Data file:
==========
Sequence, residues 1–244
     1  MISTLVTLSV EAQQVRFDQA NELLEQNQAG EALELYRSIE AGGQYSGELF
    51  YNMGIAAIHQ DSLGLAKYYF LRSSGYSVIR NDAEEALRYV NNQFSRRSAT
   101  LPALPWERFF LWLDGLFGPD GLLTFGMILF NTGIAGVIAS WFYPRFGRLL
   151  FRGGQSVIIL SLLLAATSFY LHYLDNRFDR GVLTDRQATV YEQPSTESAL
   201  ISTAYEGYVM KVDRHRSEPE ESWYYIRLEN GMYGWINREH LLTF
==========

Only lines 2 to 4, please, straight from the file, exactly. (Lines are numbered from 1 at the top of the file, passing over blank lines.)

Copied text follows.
     1  MISTLVTLSV EAQQVRFDQA NELLEQNQAG EALELYRSIE AGGQYSGELF
    51  YNMGIAAIHQ DSLGLAKYYF LRSSGYSVIR NDAEEALRYV NNQFSRRSAT
   101  LPALPWERFF LWLDGLFGPD GLLTFGMILF NTGIAGVIAS WFYPRFGRLL